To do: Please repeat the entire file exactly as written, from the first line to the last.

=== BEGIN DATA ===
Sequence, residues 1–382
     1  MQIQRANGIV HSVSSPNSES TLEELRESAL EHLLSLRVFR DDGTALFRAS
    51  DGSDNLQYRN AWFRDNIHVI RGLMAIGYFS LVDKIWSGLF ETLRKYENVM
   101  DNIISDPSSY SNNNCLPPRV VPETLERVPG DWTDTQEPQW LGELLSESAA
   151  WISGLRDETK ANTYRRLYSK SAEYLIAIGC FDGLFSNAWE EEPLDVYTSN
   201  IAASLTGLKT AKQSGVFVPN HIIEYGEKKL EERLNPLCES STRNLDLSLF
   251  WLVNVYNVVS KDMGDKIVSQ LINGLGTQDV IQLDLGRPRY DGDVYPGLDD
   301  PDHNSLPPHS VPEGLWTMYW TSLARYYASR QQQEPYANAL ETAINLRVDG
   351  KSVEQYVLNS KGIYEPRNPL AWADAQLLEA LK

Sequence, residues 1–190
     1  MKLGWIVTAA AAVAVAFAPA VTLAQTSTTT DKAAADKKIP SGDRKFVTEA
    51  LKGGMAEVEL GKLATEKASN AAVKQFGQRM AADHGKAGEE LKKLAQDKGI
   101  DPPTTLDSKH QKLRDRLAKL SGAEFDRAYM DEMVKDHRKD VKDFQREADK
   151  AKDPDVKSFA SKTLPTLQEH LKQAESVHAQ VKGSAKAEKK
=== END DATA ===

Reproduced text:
Sequence, residues 1–382
     1  MQIQRANGIV HSVSSPNSES TLEELRESAL EHLLSLRVFR DDGTALFRAS
    51  DGSDNLQYRN AWFRDNIHVI RGLMAIGYFS LVDKIWSGLF ETLRKYENVM
   101  DNIISDPSSY SNNNCLPPRV VPETLERVPG DWTDTQEPQW LGELLSESAA
   151  WISGLRDETK ANTYRRLYSK SAEYLIAIGC FDGLFSNAWE EEPLDVYTSN
   201  IAASLTGLKT AKQSGVFVPN HIIEYGEKKL EERLNPLCES STRNLDLSLF
   251  WLVNVYNVVS KDMGDKIVSQ LINGLGTQDV IQLDLGRPRY DGDVYPGLDD
   301  PDHNSLPPHS VPEGLWTMYW TSLARYYASR QQQEPYANAL ETAINLRVDG
   351  KSVEQYVLNS KGIYEPRNPL AWADAQLLEA LK

Sequence, residues 1–190
     1  MKLGWIVTAA AAVAVAFAPA VTLAQTSTTT DKAAADKKIP SGDRKFVTEA
    51  LKGGMAEVEL GKLATEKASN AAVKQFGQRM AADHGKAGEE LKKLAQDKGI
   101  DPPTTLDSKH QKLRDRLAKL SGAEFDRAYM DEMVKDHRKD VKDFQREADK
   151  AKDPDVKSFA SKTLPTLQEH LKQAESVHAQ VKGSAKAEKK